That said, enter the first half of your nonprofit name under “First Name”and the second half under “Last Name,” tweak your “About” content if necessary (it’s automatically pulled in from Twitter if you created your Pinterest account using your Twitter account), and add your nonprofit’s website. Only add your location if you are a location-based nonprofit, such as a museum, zoo, performing arts venue, etc.:
3. Edit/Set up your Pinboards.
During the process of creating your Pinterest account you created and named your first Pinboards, but before you start pinning you should complete the process of setting up your boards. That said, it’s worth noting that your boards can be be edited or deleted at any time and you’ll likely discover that after pinning for a few weeks you’ll want to edit, rename, rearrange (note the “Rearrange Boards” button), add, or delete your boards multiple times as your understanding of the Pinterest community deepens. To begin, go to Home > Settings > Boards and then “Edit” each board to include a description and a category. You’ll have to select “Other” if none of the current categories are appropriate:
4. Upload your first Pins.
Now the fun begins! Add/upload a selection of your best graphics or images to your boards by selecting the “Add+” button > Upload a Pin. Be sure to add a description with a link to increase your return on investment (ROI)/traffic from using Pinterest. Finally, make note that people can “Like/Repin or Comment” on your Pins. When members do so, you’ll see it on the “Recent Activity” stream on the left side of your Home view:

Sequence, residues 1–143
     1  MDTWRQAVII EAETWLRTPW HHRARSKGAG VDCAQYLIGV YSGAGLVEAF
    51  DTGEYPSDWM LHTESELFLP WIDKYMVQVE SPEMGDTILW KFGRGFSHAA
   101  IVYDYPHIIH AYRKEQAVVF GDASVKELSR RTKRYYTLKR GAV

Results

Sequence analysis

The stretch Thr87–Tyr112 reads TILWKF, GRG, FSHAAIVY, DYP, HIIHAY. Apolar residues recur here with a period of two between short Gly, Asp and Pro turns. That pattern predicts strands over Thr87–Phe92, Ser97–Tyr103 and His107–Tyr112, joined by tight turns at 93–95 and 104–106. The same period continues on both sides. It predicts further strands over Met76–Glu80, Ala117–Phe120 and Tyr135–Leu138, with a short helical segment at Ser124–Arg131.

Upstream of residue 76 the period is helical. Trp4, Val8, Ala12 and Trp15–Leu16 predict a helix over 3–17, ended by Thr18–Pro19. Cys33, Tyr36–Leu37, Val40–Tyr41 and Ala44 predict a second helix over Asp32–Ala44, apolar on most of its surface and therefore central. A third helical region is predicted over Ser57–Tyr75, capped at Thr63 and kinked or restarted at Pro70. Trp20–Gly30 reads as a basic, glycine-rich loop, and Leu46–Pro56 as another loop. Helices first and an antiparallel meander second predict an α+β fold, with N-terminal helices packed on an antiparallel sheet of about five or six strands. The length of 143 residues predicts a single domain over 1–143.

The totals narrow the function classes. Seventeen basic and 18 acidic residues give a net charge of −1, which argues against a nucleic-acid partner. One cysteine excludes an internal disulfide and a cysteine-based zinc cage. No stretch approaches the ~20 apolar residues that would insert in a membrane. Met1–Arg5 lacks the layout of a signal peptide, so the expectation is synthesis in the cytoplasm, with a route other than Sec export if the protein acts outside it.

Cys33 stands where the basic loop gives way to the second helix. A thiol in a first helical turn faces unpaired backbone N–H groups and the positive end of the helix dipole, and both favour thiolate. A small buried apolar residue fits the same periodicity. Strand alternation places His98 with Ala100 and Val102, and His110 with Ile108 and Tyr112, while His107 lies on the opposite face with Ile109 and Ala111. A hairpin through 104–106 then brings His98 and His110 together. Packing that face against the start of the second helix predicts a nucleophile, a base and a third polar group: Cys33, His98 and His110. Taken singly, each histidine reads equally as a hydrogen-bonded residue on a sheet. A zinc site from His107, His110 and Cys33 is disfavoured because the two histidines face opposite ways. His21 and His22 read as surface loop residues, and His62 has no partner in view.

5. Repin your first Pin.
Your boards shouldn’t contain only your Pins. Be sure to repin and promote others if their content is good and relevant to your nonprofit’s mission. Doing so increases your generosity score in the Pintertest community and makes your boards more interesting which will likely result in more followers for your nonprofit. Your number one objective on Pinterest is to pin/repin visually appealing content that speaks to your mission. You want to be a good pinner first, a social good advocate second, and a marketer third. That said, find a Pin you’d like to repin or visit the Pin of the Greepeace ad we posted above and hit the “Repin” button. The Pin will then be posted in your board (you choose which one) and featured in your Home view:
6. Install the “Pin It” Bookmarklet to your browser.
A “Pin It” button can be added to your browser that makes pinning incredibly easy. If you see an image on the Web that you’d like to pin, simply hit the “Pin It” button on your browser and the image(s) is neatly displayed for quick pinning. You can grab, drag, and drop the button to your browser by visiting Pinterest’s Goodies Page.
7. Go mobile with Pinterest.
If you have an iPhone, download the Pinterest iPhone App so you can pin, repin, like, comment, and upload photos taken with your iPhone from anywhere at anytime:
8. Add the Pinterest icon to your webite, blog, and e-newsletter.
The vast majority of nonprofits do not have Facebook or Twitter icons on their website, blog, and/or in their e-newsletter, let alone a Pinterst icon. It’s a simple oversight that dramatically reduces ROI. That said, there’s no time like the present! Right-click, save, and upload:
That’s it for now. Experiment with Pinterest, have some fun with it, and if you’d like to receive updates from Nonprofit Tech 2.0 about Pinterest in the future, please subscribe to the Nonprofit Tech 2.0 e-Newsletter. Happy pinning!